4. The wrong-way determination apparatus according to claim 1, further comprising:

an alert means for activating a hardware device that issues an alert based on the determination of whether the vehicle is travelling the wrong way.

5. A wrong-way determination apparatus for determining whether a vehicle is travelling a wrong way comprising:

an extracting means for extracting at least one sign candidate from a captured image of at least one of a front view and a rear view of the vehicle, the at least one sign candidate having a shape of a traffic sign;
a discriminating means for discriminating between a front-side or backside of at least one sign candidate; and
a wrong-way determining means for determining whether the vehicle is travelling the wrong way based on a result of the front-side or backside discrimination,
wherein:
the captured image comprises a plurality of frame images obtained by successively capturing a least one of the front view and the rear view of the vehicle in frame; and
the wrong-way determining means is configured to determine whether the vehicle is travelling the wrong way when the number of backside signs discriminated successively is larger than a predetermined number.

6. The wrong-way determination apparatus according to claim 5, wherein:

the wrong-way determining means is configured to obtain, based on the result of the front-side or backside discrimination, as information indicative of a probability that the vehicle is travelling the wrong way, at least one of (i) the ratio of one or more sign candidate discriminated as the front-side to the plurality of sign candidates and (ii) the ratio of one or more sign candidate discriminated as the backside to the plurality of sign candidates.

7. The wrong-way determination apparatus according to claim 5, wherein:

the extracting means comprises: an eliminating means for eliminating, from the plurality of sign candidates, at least one sign candidate including a previously determined specific sign symbol when the at least one sign candidate is recognized in the plurality of sign candidates.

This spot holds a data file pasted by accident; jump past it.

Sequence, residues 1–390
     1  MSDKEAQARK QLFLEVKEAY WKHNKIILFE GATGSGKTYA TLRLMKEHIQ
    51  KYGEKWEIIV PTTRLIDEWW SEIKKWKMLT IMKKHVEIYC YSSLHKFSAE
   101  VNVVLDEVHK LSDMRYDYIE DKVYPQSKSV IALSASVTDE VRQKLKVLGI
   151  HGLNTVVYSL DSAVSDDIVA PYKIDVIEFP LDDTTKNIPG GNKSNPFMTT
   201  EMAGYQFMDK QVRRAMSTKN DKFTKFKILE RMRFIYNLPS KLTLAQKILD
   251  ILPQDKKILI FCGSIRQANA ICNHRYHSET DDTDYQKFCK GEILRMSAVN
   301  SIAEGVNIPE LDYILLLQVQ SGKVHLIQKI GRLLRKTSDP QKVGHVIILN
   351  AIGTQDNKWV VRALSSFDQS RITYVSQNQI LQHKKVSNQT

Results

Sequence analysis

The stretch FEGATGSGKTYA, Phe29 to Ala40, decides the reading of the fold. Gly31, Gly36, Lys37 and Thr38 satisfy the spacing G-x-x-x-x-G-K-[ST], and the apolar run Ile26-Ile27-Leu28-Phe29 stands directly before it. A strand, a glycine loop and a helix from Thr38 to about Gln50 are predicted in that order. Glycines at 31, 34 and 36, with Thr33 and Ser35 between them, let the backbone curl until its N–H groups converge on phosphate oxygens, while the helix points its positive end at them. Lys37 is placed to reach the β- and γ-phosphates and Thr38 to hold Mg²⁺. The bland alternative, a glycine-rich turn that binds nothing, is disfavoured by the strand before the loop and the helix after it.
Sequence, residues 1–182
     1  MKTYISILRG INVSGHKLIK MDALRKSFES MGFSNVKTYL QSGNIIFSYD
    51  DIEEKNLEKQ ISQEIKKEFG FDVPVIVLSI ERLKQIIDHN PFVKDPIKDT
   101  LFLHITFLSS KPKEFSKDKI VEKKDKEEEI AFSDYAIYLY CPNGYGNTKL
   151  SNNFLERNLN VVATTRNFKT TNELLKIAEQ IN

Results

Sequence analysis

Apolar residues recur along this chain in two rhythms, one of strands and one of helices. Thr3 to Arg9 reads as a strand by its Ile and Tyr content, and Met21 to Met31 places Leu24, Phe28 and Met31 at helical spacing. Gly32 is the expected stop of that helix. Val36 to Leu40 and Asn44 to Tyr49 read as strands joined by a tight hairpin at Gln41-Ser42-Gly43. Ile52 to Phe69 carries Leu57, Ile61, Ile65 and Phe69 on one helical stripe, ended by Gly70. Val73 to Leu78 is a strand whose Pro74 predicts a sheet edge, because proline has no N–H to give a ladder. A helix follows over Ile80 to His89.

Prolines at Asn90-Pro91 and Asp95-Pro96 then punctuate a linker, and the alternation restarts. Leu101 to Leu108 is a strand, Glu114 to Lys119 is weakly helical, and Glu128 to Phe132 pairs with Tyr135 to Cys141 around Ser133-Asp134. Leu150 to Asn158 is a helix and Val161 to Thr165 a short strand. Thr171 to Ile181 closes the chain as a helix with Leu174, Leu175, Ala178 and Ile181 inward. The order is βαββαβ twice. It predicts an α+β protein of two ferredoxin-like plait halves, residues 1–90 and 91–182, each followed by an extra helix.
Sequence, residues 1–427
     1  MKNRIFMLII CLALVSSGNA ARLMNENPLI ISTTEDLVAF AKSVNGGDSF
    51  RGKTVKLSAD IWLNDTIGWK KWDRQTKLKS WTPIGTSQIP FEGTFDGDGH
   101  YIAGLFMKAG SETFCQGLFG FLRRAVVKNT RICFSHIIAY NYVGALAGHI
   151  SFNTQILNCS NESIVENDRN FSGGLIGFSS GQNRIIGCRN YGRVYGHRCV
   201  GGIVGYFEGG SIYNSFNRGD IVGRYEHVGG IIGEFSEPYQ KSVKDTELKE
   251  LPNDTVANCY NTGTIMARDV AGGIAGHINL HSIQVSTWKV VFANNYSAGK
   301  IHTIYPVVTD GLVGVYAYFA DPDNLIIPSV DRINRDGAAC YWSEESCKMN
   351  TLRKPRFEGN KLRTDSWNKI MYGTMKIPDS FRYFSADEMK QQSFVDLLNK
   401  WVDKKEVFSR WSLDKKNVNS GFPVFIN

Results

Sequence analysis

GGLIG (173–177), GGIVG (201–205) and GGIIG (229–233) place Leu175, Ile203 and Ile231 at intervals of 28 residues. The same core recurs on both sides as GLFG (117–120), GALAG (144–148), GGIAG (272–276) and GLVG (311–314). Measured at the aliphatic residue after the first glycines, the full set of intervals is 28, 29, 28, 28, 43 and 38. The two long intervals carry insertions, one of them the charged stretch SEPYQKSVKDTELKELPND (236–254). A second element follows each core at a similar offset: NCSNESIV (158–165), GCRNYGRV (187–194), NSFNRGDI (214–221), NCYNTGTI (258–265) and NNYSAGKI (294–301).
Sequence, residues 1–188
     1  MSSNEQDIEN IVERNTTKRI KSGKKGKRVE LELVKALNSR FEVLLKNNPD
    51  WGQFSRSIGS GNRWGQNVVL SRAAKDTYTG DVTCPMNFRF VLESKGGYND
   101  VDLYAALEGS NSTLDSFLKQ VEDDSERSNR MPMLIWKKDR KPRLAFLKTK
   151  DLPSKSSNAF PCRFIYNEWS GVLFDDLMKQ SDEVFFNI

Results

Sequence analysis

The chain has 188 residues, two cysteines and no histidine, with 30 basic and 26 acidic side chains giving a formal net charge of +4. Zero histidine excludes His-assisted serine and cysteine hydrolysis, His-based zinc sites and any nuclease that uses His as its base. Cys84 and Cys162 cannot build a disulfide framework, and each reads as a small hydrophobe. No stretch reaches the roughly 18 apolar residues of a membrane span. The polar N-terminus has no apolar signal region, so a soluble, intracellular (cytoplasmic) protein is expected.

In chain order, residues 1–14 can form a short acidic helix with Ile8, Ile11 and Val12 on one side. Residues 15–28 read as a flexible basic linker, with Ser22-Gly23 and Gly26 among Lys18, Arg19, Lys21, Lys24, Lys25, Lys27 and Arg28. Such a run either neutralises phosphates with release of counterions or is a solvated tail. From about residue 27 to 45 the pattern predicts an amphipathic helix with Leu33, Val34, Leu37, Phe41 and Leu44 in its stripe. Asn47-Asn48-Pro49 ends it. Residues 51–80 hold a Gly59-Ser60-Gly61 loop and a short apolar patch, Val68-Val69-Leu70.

8. The wrong-way determination apparatus according to claim 5, further comprising:

an alert means for activating a hardware device that issues an alert based on the determination of whether the vehicle is travelling the wrong way.

Referenced Cited

U.S. Patent Documents

20110121992 May 26, 2011 Konaka et al.
20120136538 May 31, 2012 Schepp et al.
20140172290 June 19, 2014 Prokhorov
20150071496 March 12, 2015 Jeschke
20160343253 November 24, 2016 Imai

Foreign Patent Documents

2004-234486 August 2004 JP
2007-140883 June 2007 JP
2007-293390 November 2007 JP
2007293390 November 2007 JP
2008-181328 August 2008 JP
2009-122744 June 2009 JP
2009-128944 June 2009 JP
2009-129281 June 2009 JP
2009-140250 June 2009 JP
2009-286172 December 2009 JP
2012-058948 March 2012 JP
2014-115931 June 2014 JP
2014-157395 August 2014 JP

Patent History

Patent number: 10186147
Type: Grant
Filed: May 1, 2018
Date of Patent: Jan 22, 2019
Patent Publication Number: 20180247529
Assignee: DENSO CORPORATION (Kariya, Aichi-pref.)
Inventor: Koji Imai (Kariya)
Primary Examiner: Hadi Akhavannik
Application Number: 15/968,092

Classifications

Current U.S. Class: Employing Position Determining Equipment (701/408)
International Classification: G06K 9/00 (20060101); G08G 1/056 (20060101); G08B 5/22 (20060101);